The United States doesn't deny that some Russian interests in Ukraine are "legitimate." But what exactly are they?
In Crimea, it's not the protection of ethnic Russians, which Russian President Vladimir Putin says is his top priority. It's the protection of a naval base, situated at the southwest tip of the Crimean Peninsula, that Russia leases from Ukraine. The base houses the Black Sea fleet, a subunit of the Russian navy. And for Putin, maintaining control of it during the ongoing crisis—and well after—is nonnegotiable.
The base, in operation since the late 18th century, is a powerful political asset for Russia. It's located in Sevastopol, a warm-water port that never freezes over, a strategic benefit Russians as a people can't deny. It also marks the end of the country's military route into the Black and Mediterranean seas. It has made appearances in a number of important conflicts: against the Ottomans in World War I, the Romanians in World War II, and Georgia during the South Ossetia war in 2008.
During the Cold War, the Black Sea was virtually a Soviet lake. The Soviet Union, Romania, and Bulgaria wielded more power there than neighboring Turkey, which had become a NATO member in 1952. When the Soviet Union collapsed in 1991, the maritime territory was divided up even further as distinctly Russian, Ukrainian, and Georgian fleets waded into the water.
That year, Ukraine retained control of the land that houses the naval base. In 1997, Ukraine agreed to lease the base to Russia, an agreement that in 2010 now-ousted President Viktor Yanukovych extended to at least 2042. In exchange, Ukraine received a 10 percent discount on Russian gas imports.
The fleet's power has eroded since the collapse, and its position is currently somewhere between a critical asset and a point of pride. But Russian leaders, including Putin, have long resented Ukrainian influence over the land it sits on.
The civil unrest in Ukraine provided Moscow with an opportunity to seize control of the base. When protests escalated in Kiev, a small, unhappy rumbling began to spread through Crimea, whose population is mostly Russian. For Putin, this was his chance to move in.
And he wasn't going to drag his feet.
Heavily armed men in unmarked uniforms, believed to be Russian, swarmed Crimea this week, surrounding government buildings and military outposts. Russia increased the number of troops stationed in Crimean military bases from 3,000 to 16,000 and sent multiple helicopters and military ships to the region. Any increase in military presence, be it personnel, ships, or weapons—must be approved by Ukraine, but Russia did not seek permission for its military surge.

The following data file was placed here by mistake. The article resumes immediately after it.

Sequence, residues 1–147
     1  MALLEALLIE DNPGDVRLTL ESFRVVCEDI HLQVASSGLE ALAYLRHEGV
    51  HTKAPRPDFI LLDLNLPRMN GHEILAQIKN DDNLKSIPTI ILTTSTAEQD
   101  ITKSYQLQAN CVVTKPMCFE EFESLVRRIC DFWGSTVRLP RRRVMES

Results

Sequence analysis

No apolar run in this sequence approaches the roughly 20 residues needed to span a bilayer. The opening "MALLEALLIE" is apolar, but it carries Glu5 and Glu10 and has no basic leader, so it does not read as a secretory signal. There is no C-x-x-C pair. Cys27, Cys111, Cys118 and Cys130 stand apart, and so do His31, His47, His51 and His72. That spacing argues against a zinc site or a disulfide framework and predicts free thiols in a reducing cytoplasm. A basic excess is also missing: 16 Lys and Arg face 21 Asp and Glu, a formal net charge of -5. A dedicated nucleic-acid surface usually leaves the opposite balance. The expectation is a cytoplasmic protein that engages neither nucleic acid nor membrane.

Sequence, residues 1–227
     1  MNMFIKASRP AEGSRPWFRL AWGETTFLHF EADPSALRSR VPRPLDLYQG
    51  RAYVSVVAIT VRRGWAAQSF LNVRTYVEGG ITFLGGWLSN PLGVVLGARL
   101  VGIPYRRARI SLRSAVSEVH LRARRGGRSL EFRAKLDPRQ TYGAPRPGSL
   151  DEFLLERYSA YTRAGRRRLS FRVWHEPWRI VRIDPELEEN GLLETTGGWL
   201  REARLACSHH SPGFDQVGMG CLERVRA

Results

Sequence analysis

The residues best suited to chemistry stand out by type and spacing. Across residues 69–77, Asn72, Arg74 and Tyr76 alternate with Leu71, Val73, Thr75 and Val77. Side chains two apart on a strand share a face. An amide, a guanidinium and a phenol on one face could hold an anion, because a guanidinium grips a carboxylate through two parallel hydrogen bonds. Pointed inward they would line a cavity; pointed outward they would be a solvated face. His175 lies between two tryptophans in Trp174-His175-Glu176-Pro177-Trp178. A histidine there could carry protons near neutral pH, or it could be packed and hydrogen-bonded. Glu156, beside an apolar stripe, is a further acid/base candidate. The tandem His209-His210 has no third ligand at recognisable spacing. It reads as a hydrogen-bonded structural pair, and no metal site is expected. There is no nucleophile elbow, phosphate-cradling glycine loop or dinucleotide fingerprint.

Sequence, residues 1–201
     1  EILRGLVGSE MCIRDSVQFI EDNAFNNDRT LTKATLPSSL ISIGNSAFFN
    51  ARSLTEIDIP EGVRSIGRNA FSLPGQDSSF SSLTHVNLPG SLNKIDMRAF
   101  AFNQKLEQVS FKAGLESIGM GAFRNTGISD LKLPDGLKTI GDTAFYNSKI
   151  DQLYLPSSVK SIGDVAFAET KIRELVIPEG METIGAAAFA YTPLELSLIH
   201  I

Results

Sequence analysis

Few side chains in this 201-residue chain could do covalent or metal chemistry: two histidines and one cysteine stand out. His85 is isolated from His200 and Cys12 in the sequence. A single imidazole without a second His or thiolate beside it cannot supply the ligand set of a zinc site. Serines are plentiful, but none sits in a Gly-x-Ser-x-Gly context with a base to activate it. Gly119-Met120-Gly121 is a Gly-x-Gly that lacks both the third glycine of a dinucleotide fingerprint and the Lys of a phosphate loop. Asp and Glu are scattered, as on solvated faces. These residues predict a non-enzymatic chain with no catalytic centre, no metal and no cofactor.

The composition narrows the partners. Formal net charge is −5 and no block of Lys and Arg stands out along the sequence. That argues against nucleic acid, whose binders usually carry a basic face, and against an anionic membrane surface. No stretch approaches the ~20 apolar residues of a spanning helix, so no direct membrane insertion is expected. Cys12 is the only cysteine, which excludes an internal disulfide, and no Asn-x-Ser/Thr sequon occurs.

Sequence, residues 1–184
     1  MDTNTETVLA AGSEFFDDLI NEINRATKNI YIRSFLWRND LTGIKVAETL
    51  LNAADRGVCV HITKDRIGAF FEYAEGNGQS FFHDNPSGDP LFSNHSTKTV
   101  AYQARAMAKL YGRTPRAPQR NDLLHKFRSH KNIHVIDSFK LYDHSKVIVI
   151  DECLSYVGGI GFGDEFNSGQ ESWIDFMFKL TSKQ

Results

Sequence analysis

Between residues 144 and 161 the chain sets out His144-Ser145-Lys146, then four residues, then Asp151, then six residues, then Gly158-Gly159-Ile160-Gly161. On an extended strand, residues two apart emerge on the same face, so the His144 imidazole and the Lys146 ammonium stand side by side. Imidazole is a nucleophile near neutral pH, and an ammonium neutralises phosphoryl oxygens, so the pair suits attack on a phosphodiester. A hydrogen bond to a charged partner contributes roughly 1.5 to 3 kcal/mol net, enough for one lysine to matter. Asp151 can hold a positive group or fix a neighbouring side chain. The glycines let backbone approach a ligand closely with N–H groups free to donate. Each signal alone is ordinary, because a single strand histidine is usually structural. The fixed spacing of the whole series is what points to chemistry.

And Tuesday, state-owned natural-gas company Gazprom announced that it would cancel Ukraine's special price discounts starting in April, citing Ukraine's failure to meet its contractual obligations.
This isn't the first time Russia has dispatched troops to protect its military interests in another country. Last summer, when President Obama threatened Syria with military action, Russia sent troops to the Syrian port of Tartus, its only naval base outside of the former Soviet Union.
But Crimea is different—it's close to home. This week's military movements represent "classic intimidation tactics from the Soviet era," Scotland Herald's Trevor Royle wrote recently.
That's because behind the push to protect the naval base lies a much more abstract and deep-seated Russian interest: the expansion of Russian influence and policy throughout Eastern Europe, and keeping it out of the hands of the West. Ever since the breakup of the Soviet Union, Ukraine has been a weak link in Russia's defenses against the West. The last thing Putin needs is for Ukraine to embrace Western influence, and to back out of its lease agreement in Sevastopol.
Putin has said he won't annex Crimea, but reclaiming the region—and by extension, the Black Sea fleet's base—could be easier than he thought. Lawmakers in Crimea announced Thursday they will hold a referendum March 16 on whether the region should become part of Russia. "This is our response to the disorder and lawlessness in Kiev," Crimea legislator Sergei Shuvainikov said. "We will decide our future ourselves."
Now, the greatest Russian interest, legitimate or not, is pushing Crimea in the right direction.